When one thinks about interaction in educational settings where computers are in use, one tends to assume that the interaction taking place is between the computer and the person working at the computer. An assignment appears on the screen. Subsequently, the person watching the screen responds to the question and discovers from the screen whether his or her reply was correct or incorrect. Interaction refers to much more than this in The Big Myth.
Assignments can only be completed if students work together, and the presentation of results occurs in front of the class or they are communicated to students at other schools (in principle anywhere in the world). The computer provides the "input" for a learning process, and offers the opportunity to present results via internet. But the actual learning process takes place when students are engaged in discussion with each other, when they are solving problems and when they are preparing a presentation. In this manner, The Big Myth fits into the tradition of cooperative learning.
HOW TO USE THE BIG MYTH
This site is designed to fit in with the classical mythology or world cultural studies program within the general curriculum. There are a variety of ways to use the site both in and out of the classroom, as a supplement, as an alternative textbook or
in a computer lab at school as a group activity.'The Big Myth' is a collection of cross-cultural world creation myths, designed for comparative study. Each myth is animated using Flash technology, so it is important that the school or home accessing the site has a browser (Netscape Navigator or Internet Explorer) of 3.0 or higher, as well as the Shockwave Player Plug-In, which is free to download on the Macromedia site www.macromedia.com.
One of the most important aspects of this site is to introduce children to the web, and allow them to feel comfortable with the internet as a tool for research, inspiration and creative learning.
Students click on a country on the world map, which brings them to a page where they can choose to see the creation myth of that region, the pantheon of the gods of that culture, and a bit of background information on the culture itself- the history as well as about the people today. Once the students have gone through all three sections, they are lead to a series of exercise questions, research questions and ideas for class projects. This section is much like an accompanying workbook which can be turned in to the teacher as homework or classwork, either in the form of a printout, or on-screen. Teachers have the option of looking at these lessons directly, from the previous page in the Teachers' Section.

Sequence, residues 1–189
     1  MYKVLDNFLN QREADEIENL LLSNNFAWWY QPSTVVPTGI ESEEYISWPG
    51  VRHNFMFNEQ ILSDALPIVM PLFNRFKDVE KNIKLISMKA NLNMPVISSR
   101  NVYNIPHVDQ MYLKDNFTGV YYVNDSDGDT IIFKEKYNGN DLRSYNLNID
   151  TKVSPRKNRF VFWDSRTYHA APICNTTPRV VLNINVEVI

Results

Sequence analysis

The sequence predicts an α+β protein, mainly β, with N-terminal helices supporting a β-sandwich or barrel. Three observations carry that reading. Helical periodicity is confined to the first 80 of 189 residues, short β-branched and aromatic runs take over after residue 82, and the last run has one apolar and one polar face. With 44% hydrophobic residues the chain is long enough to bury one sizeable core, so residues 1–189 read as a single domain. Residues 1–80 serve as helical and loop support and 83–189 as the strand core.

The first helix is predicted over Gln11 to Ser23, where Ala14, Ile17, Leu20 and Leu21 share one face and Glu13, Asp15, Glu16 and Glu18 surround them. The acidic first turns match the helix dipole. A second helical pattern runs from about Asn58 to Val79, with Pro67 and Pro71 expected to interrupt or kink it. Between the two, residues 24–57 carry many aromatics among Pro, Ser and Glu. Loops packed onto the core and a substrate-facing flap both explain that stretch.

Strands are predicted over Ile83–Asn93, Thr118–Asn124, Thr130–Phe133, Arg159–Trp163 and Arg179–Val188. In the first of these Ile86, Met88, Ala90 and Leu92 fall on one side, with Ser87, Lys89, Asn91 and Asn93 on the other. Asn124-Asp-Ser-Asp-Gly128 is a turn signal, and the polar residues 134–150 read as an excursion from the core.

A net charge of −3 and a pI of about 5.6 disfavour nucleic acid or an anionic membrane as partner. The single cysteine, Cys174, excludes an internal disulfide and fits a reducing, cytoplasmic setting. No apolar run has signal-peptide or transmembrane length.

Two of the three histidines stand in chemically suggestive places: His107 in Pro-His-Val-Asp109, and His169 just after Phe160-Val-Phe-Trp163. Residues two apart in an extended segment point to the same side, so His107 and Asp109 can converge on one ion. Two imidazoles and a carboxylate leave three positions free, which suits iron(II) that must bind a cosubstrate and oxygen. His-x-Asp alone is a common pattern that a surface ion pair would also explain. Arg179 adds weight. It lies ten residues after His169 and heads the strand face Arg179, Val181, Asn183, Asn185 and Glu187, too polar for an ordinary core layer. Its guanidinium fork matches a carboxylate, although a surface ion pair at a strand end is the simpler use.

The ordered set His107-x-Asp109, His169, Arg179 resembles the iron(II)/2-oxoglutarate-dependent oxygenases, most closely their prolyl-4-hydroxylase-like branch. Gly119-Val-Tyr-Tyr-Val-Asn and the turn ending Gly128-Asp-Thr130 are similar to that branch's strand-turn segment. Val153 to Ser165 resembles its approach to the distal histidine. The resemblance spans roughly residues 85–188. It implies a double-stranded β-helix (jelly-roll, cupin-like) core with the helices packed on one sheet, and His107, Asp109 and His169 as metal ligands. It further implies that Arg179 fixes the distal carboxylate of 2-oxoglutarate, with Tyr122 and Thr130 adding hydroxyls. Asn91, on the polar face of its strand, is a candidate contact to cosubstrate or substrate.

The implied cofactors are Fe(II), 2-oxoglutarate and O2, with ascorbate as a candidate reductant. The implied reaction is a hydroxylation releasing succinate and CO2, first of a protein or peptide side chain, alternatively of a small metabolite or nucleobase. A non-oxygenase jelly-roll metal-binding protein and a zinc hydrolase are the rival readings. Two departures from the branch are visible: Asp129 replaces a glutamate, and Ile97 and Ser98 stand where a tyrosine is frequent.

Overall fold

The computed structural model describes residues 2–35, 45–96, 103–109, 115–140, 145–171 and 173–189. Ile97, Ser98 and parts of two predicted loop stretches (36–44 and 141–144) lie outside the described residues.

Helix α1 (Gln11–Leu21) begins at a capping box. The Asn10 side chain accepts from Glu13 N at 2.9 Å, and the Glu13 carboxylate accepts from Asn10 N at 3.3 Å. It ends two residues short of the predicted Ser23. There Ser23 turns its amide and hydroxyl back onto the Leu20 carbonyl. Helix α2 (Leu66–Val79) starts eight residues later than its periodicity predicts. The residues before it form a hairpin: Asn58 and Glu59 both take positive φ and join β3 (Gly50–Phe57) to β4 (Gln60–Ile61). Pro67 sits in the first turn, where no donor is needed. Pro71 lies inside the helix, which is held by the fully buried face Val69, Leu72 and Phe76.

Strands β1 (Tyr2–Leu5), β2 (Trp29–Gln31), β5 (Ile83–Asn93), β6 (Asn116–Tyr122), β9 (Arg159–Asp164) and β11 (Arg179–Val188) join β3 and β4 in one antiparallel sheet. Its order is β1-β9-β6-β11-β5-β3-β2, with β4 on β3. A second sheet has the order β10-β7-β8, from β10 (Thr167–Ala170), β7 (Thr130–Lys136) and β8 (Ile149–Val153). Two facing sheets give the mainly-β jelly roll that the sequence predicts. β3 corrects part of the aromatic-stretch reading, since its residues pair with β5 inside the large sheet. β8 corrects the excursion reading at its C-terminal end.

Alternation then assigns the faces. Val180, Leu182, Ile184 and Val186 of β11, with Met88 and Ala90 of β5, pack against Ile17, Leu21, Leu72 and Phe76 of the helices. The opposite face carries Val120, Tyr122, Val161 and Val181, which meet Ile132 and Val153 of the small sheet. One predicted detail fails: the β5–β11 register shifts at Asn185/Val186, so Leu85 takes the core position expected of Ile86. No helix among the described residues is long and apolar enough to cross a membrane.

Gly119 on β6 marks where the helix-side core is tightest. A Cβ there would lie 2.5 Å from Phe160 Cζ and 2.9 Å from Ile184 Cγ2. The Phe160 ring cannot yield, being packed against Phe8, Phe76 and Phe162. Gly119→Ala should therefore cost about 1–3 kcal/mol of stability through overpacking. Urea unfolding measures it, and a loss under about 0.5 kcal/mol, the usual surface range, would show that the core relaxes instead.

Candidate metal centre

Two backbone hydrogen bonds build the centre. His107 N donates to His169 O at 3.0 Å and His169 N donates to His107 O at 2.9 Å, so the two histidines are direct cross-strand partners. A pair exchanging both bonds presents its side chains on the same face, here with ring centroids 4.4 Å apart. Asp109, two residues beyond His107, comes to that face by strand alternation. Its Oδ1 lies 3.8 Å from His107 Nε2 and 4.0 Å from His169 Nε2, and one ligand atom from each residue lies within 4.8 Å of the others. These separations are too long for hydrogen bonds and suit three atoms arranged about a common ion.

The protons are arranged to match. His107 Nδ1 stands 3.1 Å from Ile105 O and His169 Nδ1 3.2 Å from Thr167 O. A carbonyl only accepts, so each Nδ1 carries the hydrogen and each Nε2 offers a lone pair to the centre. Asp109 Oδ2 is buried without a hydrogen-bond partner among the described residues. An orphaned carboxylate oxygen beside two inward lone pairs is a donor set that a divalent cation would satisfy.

WRITE YOUR OWN MYTH:
One of the most exciting aspects of the study of world mythology is the effect it has on the creativity of a young person. This section is a basic write-in form, where students can send in their original stories to 'The Big Myth' webmaster. The webmaster will read the e-mails and post them online under "The Gallery of Answers".
DISCUSSION FORUM :
This page resembles a 'letters to the editor' section of a magazine. A question for general discussion based on one of the myths is posted on a rotating basis on this page, and below that is an e-mail reponse form. It's open to all who wish to comment- anyone with an answer to the question can write in. The Webmaster receives these letters and chooses the best of each month to publish online on a rolling basis - thus the children can see their results within a week of their writing in. A teacher using this site may well wish to incorporate follow-up classroom discussion around these rotating topics.
LINKS AND BIOGRAPHY:
This section is a list of further links to outside sites of interest for students doing research projects for which they will need a broader base of information. All sites pertain to world mythology and the study of international cultures. They are listed by age group, area of focus and region. If students are collecting ideas for their own myths, it can be an excellent place to find wider inspiration. In addition there is a list of the hard-copy texts used during the creation of this website.
USING SEARCH ENGINES
The Internet is a vast, disorganized library containing information on every imaginable subject. There are tens of millions of websites at this point and new sites are launched every hour. The number of websites has grown faster over the years than can be documented and therefore the best means of finding what one is looking for is by using search engines.
There are many good search engines online. Almost all the research for 'The Big Myth' was carried out online using search engines. It is a vital part of the learning process for the students to find original material about the cultures they are studying online; much of what they might find is written by the indigenous peoples themselves.
To find a website about a specific subject, type a few keywords into the search field. The best keywords combine terms that are uncommon, such as "maori music". Very common words such as 'of' or 'is' are largely ignored. Place the main subjects first and be as accurate as possible. If the search is for more than one word, it is best to put them in quotes or parentheses.
Often the engines will come back with search results with thousands of website pages. Most search engines, however, allow you to narrow your search by searching further within the results.